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Call for review of embankment policy

By Staff reporter
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GUWAHATI, July 8 � The embankment policy of the State needs a thorough review. This was the opinion of the experts who took part in an international conference on Majuli held here today.

The event was organised by the Society for Srimanta Sankaradeva in collaboration with the Core Professional Group for the Brahmaputra, Friends of Assam and Seven Sisters (FASS) International (USA), Assam Society of America Foundation (USA) and the Majuli Cultural Landscape Authority of the Government of Assam.

The experts also suggested that tourism potential of Majuli Island should be exploited in a scientific manner, in keeping with the natural and cultural environment of the river island. This is mandatory for keeping intact the natural and cultural landscape of the island intact, said the experts.

Engineer Bharat Saikia, who prepared the first nomination dossier of Majuli for its UNESCO World Heritage Site status in 2000, said embankments were laid as a temporary measure to prevent floods. But their continuance has led to the rise in the riverbeds and the localities along the rivers have now become deeper. Embankments have also made the river channels migratory and braided.

He suggested installation of good quality hard plastic pipes of one feet diameter, at the gap of per half or one km, to inject floodwater inside the island and release of the same after the floods subside to raise the level of the countryside and wash away its dirt. This will finally save the island from being destroyed. Rivers of the State should also be made navigable, he said.

Dr Arvind Phukan, a retired Professor of Civil Engineering, University of Alaska and the President of the Core Professional Group for the Brahmaputra, said variability of highly erodible nature of fluvial soils is one of the major factors responsible for erosion. Moreover, insufficient reduced effective flood flow area and conveyance space of the river and embankments failure are the two major reasons for flooding, he said.

The function conducted by Dr Sanjib Kumar Barkakoty, president of the Society for Srimanta Sankaradeva, was also addressed by noted Gandhian Natwar Thakkar consultant architect Suryanarayana Murthy, Natun Kamalabari Sattradhikar Narayan Chandra Goswami, FASS representative Jayanta Barman and Chief Executive Officer of the Majuli Cultural Landscape Management Authority Sayed Iftiquar Hussain.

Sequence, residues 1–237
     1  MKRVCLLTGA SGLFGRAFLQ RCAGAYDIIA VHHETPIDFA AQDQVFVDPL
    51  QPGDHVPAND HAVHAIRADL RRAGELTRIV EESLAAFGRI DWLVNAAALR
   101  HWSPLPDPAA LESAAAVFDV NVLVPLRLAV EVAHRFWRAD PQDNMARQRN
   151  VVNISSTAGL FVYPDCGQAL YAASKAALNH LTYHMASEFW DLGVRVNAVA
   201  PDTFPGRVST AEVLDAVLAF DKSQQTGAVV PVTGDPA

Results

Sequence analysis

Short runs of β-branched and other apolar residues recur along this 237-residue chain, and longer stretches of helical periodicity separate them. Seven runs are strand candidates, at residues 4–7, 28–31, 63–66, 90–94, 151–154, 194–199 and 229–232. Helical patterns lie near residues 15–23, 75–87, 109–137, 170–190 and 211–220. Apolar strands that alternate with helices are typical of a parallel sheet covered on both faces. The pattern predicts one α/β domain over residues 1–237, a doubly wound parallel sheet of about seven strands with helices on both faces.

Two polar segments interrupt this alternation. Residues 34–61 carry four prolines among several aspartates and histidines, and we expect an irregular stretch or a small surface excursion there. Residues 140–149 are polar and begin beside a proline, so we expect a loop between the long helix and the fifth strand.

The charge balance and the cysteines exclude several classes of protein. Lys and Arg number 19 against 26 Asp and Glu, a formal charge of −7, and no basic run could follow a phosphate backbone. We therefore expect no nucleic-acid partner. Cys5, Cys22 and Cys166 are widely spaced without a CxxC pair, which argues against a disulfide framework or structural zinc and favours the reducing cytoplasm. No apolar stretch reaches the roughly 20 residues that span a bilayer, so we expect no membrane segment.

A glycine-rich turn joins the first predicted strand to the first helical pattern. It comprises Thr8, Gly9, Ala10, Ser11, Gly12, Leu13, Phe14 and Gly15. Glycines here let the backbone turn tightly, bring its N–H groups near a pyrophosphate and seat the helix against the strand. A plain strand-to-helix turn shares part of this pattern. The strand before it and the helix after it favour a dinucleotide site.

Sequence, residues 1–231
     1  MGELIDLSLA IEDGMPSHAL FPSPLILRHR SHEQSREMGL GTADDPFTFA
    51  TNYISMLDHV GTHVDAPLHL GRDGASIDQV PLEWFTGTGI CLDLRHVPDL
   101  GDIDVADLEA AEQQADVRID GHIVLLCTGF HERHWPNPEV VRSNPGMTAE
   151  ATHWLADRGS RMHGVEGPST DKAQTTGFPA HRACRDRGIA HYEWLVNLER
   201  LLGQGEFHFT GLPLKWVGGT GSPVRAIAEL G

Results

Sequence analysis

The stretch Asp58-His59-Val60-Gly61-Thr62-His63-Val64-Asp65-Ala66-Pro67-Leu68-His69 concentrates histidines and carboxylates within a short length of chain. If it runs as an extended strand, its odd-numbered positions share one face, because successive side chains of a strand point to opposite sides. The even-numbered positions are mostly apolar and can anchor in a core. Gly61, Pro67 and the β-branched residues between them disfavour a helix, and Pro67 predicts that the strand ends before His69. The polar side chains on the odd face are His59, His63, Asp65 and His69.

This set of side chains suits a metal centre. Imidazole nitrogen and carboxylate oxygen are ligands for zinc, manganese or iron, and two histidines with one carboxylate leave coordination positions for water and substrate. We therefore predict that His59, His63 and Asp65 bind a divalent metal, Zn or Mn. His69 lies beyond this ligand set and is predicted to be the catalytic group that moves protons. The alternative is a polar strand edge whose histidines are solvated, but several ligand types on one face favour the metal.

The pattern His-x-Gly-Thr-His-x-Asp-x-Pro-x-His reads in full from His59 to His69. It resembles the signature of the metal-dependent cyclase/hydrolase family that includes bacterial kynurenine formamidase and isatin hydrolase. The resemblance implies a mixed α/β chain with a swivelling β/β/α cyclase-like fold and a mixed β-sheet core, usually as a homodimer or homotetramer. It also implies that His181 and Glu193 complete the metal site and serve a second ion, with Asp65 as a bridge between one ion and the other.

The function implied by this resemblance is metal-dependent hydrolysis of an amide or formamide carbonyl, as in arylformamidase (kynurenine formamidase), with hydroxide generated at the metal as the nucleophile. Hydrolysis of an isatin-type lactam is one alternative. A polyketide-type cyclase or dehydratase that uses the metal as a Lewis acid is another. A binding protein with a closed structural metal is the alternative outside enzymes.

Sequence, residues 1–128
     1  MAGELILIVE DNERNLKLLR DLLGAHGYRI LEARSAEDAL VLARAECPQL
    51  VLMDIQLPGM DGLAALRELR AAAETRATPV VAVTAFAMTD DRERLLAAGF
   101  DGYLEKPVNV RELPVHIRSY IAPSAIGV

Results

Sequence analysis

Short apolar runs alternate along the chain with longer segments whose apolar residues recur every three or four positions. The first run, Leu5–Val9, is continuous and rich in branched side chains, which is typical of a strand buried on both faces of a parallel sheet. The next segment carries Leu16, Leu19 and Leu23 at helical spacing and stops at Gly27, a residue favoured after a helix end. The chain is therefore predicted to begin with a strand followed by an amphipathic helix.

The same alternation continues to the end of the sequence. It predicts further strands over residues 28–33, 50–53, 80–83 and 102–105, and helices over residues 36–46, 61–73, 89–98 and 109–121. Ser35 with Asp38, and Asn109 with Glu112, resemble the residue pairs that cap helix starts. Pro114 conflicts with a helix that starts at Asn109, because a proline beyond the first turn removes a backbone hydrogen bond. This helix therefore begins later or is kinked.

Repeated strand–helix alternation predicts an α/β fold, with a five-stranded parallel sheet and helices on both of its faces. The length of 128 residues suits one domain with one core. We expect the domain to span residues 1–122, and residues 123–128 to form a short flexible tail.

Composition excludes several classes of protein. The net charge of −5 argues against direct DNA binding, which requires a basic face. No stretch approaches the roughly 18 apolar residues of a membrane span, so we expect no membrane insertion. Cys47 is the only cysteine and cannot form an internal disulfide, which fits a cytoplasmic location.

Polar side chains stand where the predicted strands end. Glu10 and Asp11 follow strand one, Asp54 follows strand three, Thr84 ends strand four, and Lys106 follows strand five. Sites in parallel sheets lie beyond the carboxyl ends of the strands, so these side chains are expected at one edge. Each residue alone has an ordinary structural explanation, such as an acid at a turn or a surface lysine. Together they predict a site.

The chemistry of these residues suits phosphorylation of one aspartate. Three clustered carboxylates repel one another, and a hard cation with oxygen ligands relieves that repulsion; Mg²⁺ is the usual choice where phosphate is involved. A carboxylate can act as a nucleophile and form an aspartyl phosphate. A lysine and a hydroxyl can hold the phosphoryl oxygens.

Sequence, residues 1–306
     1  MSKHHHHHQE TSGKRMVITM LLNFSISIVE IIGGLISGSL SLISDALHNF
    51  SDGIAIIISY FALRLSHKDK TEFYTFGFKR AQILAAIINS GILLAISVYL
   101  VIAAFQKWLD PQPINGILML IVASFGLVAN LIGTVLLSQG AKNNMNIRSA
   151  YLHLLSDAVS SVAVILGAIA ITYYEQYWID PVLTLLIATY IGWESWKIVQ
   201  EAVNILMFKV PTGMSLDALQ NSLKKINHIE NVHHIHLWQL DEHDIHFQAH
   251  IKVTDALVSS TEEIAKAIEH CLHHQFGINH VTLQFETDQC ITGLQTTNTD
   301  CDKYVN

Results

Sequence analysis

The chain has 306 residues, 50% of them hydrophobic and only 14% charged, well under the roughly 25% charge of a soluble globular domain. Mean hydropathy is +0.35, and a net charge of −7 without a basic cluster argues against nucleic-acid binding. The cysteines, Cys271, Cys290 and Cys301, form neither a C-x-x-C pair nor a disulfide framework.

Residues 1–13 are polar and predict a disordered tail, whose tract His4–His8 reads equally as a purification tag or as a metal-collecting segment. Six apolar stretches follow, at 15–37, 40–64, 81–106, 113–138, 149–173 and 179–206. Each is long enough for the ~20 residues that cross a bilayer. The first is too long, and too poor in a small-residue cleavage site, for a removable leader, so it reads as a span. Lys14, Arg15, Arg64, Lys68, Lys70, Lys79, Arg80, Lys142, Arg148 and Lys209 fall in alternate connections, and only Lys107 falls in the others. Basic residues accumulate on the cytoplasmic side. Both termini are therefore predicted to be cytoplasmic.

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Call for review of embankment policy

GUWAHATI, July 8 � The embankment policy of the State needs a thorough review. This was the opinion of the experts who took part in an international conference on Majuli held here today.

The event was organised by the Society for Srimanta Sankaradeva in collaboration with the Core Professional Group for the Brahmaputra, Friends of Assam and Seven Sisters (FASS) International (USA), Assam Society of America Foundation (USA) and the Majuli Cultural Landscape Authority of the Government of Assam.

The experts also suggested that tourism potential of Majuli Island should be exploited in a scientific manner, in keeping with the natural and cultural environment of the river island. This is mandatory for keeping intact the natural and cultural landscape of the island intact, said the experts.

Engineer Bharat Saikia, who prepared the first nomination dossier of Majuli for its UNESCO World Heritage Site status in 2000, said embankments were laid as a temporary measure to prevent floods. But their continuance has led to the rise in the riverbeds and the localities along the rivers have now become deeper. Embankments have also made the river channels migratory and braided.

He suggested installation of good quality hard plastic pipes of one feet diameter, at the gap of per half or one km, to inject floodwater inside the island and release of the same after the floods subside to raise the level of the countryside and wash away its dirt. This will finally save the island from being destroyed. Rivers of the State should also be made navigable, he said.

Dr Arvind Phukan, a retired Professor of Civil Engineering, University of Alaska and the President of the Core Professional Group for the Brahmaputra, said variability of highly erodible nature of fluvial soils is one of the major factors responsible for erosion. Moreover, insufficient reduced effective flood flow area and conveyance space of the river and embankments failure are the two major reasons for flooding, he said.

The function conducted by Dr Sanjib Kumar Barkakoty, president of the Society for Srimanta Sankaradeva, was also addressed by noted Gandhian Natwar Thakkar consultant architect Suryanarayana Murthy, Natun Kamalabari Sattradhikar Narayan Chandra Goswami, FASS representative Jayanta Barman and Chief Executive Officer of the Majuli Cultural Landscape Management Authority Sayed Iftiquar Hussain.

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